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Descartes is perhaps best known for his statement, "Cogito, ergo sum," the cornerstone of his metaphysics. But he did not intend the metaphysics to stand apart from his scientific work, which included important investigations into physics, mathematics, and optics. In this book, Sorell shows that Descarates was, above all, an advocate and practitioner of the new mathematical approach to physics, and that he developed his philosophies to support his discoveries in the sciences.
About the Series: Combining authority with wit, accessibility, and style, Very Short Introductions offer an introduction to some of life's most interesting topics. Written by experts for the newcomer, they demonstrate the finest contemporary thinking about the central problems and issues in hundreds of key topics, from philosophy to Freud, quantum theory to Islam.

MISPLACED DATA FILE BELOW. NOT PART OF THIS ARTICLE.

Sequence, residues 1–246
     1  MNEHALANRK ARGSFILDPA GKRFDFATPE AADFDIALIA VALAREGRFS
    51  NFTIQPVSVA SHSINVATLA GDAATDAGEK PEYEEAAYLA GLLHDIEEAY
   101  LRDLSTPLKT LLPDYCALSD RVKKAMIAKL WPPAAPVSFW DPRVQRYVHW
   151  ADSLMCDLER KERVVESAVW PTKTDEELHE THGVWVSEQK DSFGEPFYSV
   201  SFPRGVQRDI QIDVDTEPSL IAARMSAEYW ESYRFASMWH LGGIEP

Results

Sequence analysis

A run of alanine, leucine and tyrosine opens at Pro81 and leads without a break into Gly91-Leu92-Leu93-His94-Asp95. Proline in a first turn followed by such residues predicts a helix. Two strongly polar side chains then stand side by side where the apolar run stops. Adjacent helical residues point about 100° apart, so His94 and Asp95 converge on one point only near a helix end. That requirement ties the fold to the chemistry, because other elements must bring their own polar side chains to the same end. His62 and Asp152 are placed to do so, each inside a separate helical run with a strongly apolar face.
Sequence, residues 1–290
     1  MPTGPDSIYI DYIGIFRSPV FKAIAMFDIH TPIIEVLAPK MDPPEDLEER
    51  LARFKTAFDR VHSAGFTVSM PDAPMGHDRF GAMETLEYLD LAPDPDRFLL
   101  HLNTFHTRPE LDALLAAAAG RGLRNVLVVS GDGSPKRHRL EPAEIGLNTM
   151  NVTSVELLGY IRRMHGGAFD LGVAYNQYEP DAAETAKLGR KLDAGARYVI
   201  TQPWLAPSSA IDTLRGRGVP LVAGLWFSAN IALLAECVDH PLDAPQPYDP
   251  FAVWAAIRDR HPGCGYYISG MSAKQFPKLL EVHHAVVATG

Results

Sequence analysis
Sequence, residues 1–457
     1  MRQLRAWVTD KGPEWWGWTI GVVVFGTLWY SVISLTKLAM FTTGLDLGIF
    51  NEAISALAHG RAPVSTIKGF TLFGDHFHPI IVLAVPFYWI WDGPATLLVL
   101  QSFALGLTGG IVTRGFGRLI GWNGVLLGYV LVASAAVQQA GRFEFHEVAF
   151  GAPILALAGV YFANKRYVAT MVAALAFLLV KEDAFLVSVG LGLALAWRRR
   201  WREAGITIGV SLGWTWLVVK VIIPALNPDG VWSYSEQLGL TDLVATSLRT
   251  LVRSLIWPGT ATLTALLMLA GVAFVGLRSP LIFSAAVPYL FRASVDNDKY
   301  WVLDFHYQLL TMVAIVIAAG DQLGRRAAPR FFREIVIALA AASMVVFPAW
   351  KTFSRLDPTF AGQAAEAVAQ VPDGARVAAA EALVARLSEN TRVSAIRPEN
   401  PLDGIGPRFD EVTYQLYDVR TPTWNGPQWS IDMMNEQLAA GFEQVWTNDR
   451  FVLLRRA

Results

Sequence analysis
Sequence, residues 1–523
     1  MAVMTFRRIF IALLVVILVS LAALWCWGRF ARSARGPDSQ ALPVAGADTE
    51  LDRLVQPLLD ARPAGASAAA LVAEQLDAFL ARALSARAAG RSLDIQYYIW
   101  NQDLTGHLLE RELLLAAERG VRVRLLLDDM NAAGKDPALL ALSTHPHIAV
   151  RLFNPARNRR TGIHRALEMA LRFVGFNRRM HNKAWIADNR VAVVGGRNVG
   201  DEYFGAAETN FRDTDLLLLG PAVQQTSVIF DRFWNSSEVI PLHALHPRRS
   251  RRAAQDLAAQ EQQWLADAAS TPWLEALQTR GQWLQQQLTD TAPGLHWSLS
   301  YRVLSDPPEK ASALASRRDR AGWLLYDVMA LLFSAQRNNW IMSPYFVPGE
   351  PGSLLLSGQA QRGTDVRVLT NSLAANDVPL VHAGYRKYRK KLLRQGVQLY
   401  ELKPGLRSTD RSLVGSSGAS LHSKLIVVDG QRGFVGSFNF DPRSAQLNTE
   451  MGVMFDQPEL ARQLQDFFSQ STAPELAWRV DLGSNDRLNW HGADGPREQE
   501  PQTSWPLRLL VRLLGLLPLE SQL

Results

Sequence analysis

|Publisher:||Oxford University Press, USA|
|Series:||Very Short Introductions Series|
|Product dimensions:||6.70(w) x 4.30(h) x 0.40(d)|
|Lexile:||1370L (what's this?)|
About the Author
Tom Sorell is Lecturer in Philosophy at the Open University. His books include Knowledge and Descartes, both published by the Open University Press.